The e-retailer spends at least 50% of its monthly display ad budget on the highly targeted, data-driven—and often cheap—ad placements using programmatic platforms.
Marketers can retarget consumers based on their off-Facebook browsing.
In its latest attempt to bolster its advertising revenue, Facebook Inc. plans to roll out real-time bidding for ad space on the social network.
The social network is working with a number of ad networks for the system, which is called Facebook Exchange. Those ad networks will be able to place cookies on consumers’ computers to track shoppers’ browsing after they visit Facebook which—for the first time—will enable them to target consumers with ads on Facebook based on their off-Facebook browsing.
For instance, a shopper who visited an apparel retailer but did not make a purchase might be retargeted with an ad presenting her with a coupon for that retailer. “This means that advertisers can deliver more relevant advertising in a timely manner at a scale not possible before,” says a Facebook spokeswoman.
However, the only ad format that marketers will be able to bid on is Facebook’s marketplace ads, which are display ads on the right-hand side of Facebook.com. Those ads do not appear on mobile devices. And Facebook Exchange will only be offered in the United States—at least at first, say sources briefed on Facebook’s plans.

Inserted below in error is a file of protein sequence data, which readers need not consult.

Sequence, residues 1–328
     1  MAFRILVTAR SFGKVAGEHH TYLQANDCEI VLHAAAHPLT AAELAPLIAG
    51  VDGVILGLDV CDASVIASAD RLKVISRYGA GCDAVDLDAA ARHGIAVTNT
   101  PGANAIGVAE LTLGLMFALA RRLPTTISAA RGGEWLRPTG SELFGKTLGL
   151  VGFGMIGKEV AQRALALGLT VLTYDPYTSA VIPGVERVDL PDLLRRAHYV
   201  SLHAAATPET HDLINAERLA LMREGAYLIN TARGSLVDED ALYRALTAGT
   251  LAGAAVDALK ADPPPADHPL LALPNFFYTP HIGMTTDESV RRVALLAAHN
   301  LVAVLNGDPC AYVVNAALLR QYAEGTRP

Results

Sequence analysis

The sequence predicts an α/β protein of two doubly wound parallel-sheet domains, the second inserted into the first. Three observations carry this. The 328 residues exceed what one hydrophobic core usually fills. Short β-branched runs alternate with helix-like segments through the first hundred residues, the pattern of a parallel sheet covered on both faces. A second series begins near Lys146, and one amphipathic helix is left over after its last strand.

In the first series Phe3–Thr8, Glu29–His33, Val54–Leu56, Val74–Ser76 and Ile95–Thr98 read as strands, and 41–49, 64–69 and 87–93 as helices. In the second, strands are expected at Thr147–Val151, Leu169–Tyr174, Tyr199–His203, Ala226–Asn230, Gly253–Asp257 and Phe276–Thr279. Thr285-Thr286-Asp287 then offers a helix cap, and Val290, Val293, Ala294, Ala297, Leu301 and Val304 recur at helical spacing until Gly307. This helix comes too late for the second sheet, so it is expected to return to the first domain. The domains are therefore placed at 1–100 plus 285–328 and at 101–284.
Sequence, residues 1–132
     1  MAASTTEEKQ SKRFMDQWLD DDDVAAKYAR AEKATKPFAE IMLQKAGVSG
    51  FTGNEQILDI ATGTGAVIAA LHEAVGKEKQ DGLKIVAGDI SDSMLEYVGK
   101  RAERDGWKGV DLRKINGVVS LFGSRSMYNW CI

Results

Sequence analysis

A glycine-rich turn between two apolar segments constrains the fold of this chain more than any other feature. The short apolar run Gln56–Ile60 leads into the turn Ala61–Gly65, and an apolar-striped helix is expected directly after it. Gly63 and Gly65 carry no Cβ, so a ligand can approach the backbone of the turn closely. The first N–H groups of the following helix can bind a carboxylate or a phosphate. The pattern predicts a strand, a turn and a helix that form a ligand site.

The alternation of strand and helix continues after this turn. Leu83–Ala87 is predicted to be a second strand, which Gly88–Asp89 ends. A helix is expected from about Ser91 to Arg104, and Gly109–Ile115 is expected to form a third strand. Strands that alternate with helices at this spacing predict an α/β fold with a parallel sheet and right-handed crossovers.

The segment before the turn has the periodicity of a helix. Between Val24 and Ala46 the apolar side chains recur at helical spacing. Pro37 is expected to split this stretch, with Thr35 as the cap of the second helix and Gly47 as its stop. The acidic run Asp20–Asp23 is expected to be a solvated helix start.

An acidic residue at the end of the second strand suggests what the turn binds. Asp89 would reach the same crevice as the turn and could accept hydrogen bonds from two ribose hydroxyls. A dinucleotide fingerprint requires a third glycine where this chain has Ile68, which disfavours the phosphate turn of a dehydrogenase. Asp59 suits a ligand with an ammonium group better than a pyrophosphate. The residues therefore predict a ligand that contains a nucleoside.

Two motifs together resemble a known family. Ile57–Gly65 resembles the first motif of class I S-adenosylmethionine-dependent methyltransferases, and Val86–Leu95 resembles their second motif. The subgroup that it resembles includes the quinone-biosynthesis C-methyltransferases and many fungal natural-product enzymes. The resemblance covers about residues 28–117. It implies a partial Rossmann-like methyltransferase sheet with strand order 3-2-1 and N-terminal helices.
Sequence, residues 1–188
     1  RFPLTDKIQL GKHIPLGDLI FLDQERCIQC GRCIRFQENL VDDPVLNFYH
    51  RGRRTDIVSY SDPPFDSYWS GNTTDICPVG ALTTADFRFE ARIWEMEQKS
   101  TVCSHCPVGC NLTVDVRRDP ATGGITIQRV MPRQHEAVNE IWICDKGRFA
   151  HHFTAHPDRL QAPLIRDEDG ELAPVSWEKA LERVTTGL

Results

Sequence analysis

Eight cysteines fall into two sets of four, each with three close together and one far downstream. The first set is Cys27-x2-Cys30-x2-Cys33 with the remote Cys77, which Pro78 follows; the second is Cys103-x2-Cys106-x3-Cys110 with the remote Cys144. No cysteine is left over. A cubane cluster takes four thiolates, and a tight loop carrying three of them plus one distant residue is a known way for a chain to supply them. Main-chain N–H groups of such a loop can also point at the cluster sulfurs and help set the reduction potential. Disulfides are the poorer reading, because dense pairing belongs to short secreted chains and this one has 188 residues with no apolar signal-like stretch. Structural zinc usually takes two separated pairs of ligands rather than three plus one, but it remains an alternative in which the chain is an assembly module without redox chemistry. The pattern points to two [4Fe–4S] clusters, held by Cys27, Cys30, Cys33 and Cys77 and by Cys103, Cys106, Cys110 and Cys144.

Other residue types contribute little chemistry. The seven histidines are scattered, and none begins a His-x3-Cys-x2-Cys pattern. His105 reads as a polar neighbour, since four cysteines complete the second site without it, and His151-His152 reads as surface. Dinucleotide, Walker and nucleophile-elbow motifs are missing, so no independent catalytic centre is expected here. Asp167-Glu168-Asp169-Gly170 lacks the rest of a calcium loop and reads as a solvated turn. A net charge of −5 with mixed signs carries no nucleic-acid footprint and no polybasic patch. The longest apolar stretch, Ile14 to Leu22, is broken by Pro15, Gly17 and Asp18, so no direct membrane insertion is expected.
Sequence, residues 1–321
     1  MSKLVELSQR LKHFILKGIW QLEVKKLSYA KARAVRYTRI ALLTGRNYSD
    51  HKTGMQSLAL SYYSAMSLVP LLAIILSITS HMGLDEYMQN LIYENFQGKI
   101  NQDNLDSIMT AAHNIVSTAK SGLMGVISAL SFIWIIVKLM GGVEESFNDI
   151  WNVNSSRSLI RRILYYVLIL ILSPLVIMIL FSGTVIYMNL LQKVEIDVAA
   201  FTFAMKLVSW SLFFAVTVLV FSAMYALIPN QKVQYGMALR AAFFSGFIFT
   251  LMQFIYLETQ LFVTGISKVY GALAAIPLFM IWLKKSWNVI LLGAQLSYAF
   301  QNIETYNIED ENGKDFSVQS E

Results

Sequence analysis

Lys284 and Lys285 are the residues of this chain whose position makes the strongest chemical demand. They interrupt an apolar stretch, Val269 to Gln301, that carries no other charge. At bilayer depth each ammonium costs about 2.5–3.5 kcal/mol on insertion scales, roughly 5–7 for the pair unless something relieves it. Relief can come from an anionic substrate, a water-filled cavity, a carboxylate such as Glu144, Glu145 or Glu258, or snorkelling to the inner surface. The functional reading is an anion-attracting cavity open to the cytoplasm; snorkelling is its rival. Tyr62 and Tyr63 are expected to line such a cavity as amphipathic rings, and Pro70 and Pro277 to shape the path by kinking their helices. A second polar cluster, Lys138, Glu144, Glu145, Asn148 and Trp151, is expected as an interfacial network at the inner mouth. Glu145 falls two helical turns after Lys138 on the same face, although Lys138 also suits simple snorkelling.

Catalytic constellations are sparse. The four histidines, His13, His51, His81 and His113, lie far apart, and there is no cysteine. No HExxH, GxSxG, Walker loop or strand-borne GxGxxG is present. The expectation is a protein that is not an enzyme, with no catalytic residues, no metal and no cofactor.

Because Facebook’s marketplace ads are notoriously imprecise, this will offer a way to make them more engaging, says Rebecca Lieb, digital advertising analyst at research and advisory firm Altimeter Group. “The ads should be more contextually relevant because users will be ‘cookied’ so they won’t be limited to the data that Facebook has; they’ll also be based on users’ Internet browsing behavior,” she says. “If they’re more engaging it likely means that Facebook will be able to command better revenue for them.”
Facebook brought in roughly $3.15 billion in advertising revenue in 2011. Even so, the social network has faced intense scrutiny over the value of its various ad formats. For instance, General Motors last month, just ahead of Facebook’s initial public offering, said it would pull its ads from Facebook because of poor results.
Yet, Facebook Exchange is not what Facebook is banking its future on—it is merely a way to make its most basic ad format more effective, says Lieb. “This is not the fruition of what they’re trying to do in terms of social advertising,” she says. “This certainly isn’t social advertising.”
Facebook has said that its vision of social advertising is tying earned media, which is essentially the posts and other actions by brand and consumers on the social network, with Facebook’s ad units that don’t necessarily appear like ads. For instance, a Sponsored Stories ad can be the actual post by a consumer’s friend that includes a note about a brand. The brand can then pay to expand the distribution of the post, which appears in a consumer’s news feed (the first page he sees when logging on to the social network) with a note that the post is sponsored.
“Brands comingling paid and earned media is what Facebook is focused on,” says Lieb.